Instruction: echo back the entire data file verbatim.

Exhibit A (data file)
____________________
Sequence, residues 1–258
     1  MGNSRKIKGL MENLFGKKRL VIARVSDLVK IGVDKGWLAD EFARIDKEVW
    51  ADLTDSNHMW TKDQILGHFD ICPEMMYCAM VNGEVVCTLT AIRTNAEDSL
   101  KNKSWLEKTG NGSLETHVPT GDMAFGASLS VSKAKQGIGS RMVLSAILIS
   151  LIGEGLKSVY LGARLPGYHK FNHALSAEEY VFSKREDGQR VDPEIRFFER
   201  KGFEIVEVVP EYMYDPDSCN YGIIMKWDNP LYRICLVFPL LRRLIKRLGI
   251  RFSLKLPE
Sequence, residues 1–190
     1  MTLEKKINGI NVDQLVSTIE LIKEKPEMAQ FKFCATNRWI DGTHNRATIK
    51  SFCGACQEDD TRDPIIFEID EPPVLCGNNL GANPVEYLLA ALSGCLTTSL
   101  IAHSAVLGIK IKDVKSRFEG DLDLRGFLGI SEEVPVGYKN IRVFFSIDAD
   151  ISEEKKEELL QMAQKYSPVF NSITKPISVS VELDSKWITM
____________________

Sequence, residues 1–258
     1  MGNSRKIKGL MENLFGKKRL VIARVSDLVK IGVDKGWLAD EFARIDKEVW
    51  ADLTDSNHMW TKDQILGHFD ICPEMMYCAM VNGEVVCTLT AIRTNAEDSL
   101  KNKSWLEKTG NGSLETHVPT GDMAFGASLS VSKAKQGIGS RMVLSAILIS
   151  LIGEGLKSVY LGARLPGYHK FNHALSAEEY VFSKREDGQR VDPEIRFFER
   201  KGFEIVEVVP EYMYDPDSCN YGIIMKWDNP LYRICLVFPL LRRLIKRLGI
   251  RFSLKLPE
Sequence, residues 1–190
     1  MTLEKKINGI NVDQLVSTIE LIKEKPEMAQ FKFCATNRWI DGTHNRATIK
    51  SFCGACQEDD TRDPIIFEID EPPVLCGNNL GANPVEYLLA ALSGCLTTSL
   101  IAHSAVLGIK IKDVKSRFEG DLDLRGFLGI SEEVPVGYKN IRVFFSIDAD
   151  ISEEKKEELL QMAQKYSPVF NSITKPISVS VELDSKWITM